Students compete with PB&J sandwiches

By Miguel Gonzalez
Sports Editor

United by the common goal of feeding patrons of the Trenton Area Soup Kitchen, but divided in the spirit of friendly competition, 10 campus organizations participated in Student United Way’s fifth annual PB&J race on Thursday, April 5 in the Brower Student Center.

Students from Sigma Lambda Gamma, Delta Sigma Pi, Alpha Xi Delta, Delta Zeta, Zeta Tau Alpha, Sigma Sigma Sigma, Humanitarian Yoga Club, Chi Upsilon Sigma, Women in Business and Circle K made a total of 1,251 peanut butter and jelly sandwiches by the end of the night.

With a plethora of plastic bags and gloves, utensils, loaves of bread and jars of peanut butter and jelly at their disposal, teams dove into sandwich making with concentrated speed. Not a single table was clean as students splattered the spreadings onto the bread.

Nevertheless, teams did have to follow several rules.

Sisters of Sigma Sigma Sigma get their hands dirty during the race. (Miguel Gonzalez / Photo Editor)

Allison Vergano, a senior communication studies major and president of Student United Way, assigned student judges to make sure that teams were using one peanut butter jar and one jelly jar at a time. Teams could only reload supplies once the jars were empty, and any mispackaged sandwiches were put on notice, according to Vergano.

“We definitely made our judges aware of their responsibilities,” Vergano said. “We made them arrive a half hour before the event and explained them in detail of what they needed to do. We also added a box of shame so when you make a no-so-great sandwich, it goes in there.”

While most rounds focused on making the most sandwiches in a given time frame, the creative round proved to be the most challenging as teams assembled intricate sandwiches with three slices of white bread.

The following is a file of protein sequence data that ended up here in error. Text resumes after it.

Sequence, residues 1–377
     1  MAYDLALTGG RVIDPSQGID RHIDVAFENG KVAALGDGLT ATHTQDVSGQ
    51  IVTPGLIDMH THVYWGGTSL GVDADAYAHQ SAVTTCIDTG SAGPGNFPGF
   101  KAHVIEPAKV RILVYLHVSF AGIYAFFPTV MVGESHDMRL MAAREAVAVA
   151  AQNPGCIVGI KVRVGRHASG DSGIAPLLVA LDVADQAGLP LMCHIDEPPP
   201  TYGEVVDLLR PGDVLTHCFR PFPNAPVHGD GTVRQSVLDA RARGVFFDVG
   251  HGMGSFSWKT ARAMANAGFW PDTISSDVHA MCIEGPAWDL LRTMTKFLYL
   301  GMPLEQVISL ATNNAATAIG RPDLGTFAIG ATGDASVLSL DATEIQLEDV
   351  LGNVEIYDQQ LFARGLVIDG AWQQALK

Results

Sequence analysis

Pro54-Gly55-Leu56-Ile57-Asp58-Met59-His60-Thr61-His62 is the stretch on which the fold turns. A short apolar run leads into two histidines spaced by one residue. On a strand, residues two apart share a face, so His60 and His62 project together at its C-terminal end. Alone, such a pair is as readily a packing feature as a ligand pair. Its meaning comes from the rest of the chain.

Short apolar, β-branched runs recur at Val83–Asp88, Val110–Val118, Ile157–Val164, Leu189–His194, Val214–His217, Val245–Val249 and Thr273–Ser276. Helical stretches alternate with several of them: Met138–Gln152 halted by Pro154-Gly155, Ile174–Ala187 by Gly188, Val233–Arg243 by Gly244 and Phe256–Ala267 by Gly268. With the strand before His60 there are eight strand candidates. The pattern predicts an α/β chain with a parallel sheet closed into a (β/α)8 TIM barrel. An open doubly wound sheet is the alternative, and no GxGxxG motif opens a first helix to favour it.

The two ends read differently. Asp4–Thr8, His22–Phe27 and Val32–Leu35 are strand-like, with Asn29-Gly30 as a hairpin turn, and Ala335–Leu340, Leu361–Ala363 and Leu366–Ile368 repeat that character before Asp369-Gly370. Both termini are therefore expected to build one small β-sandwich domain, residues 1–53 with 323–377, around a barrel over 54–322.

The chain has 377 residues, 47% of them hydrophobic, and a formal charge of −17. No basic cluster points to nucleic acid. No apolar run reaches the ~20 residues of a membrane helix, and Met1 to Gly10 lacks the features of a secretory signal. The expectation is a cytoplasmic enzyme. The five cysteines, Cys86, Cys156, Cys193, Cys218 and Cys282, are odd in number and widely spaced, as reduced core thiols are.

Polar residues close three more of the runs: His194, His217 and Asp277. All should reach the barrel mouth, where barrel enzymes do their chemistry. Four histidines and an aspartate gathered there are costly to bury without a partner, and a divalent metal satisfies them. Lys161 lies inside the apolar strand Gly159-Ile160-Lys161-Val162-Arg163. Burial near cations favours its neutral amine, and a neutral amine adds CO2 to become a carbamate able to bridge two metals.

Members of Circle K carved a sandwich with a lion’s face on top and used peanut butter for its mane. Meanwhile, members of Women In Business illustrated a formally dressed businesswoman with oozing jelly for hair.

Stanley Zheng, a senior nursing and public health double major and a member of Circle K, loved working with other organizations to help donate to TASK.  

“It was really fun,” Zheng said. “We got the opportunity to help those in need at TASK and collaborate with organizations that share Circle K’s message of philanthropy.”

Not to be outdone by their competitors, members of Sigma Sigma Sigma constructed a sailboat and fish roaming through the messy table cloth.     

Delta Zeta, which was the only organization who had two teams at the event, created polar opposite designs. The first team depicted a day at the beach, complete with a palm tree, a person relaxing on a recliner, peanut butter acting as sand and jelly flowing as water. In contrast, the second team went with a winter theme, portraying an igloo with a complimentary snowman.     

Other notable designs included members of Delta Sigma Pi sculpting a rose that represented their organization’s official flower and Zeta Tau Alpha creating a flower that symbolized the emergence of spring.  

After two hours of running for supplies, scraping jars deep for every last dip of peanut butter or jelly and packaging spotless sandwiches, Delta Sigma Pi emerged as the victor followed by Sigma Lambda Gamma in second and Women in Business in third.

Caitlyn Vasquez, a senior psychology major and a member of Sigma Lambda Gamma, was happy to continue her sorority’s contribution to the event.

“Our organization has done this for the past three years,” Vasquez said. “It’s really nice and it’s good to know it’s for the greater good. We had a lot of determination and competitiveness to win the race.”

In the end, Vergano was proud of Student United Way’s efforts to improve the event from past occasions.

“We looked back at last year’s (event) and reflected on what we could improve on,” Vergano said. “We wanted to amp up the race and make it a bigger, better impact for the community.”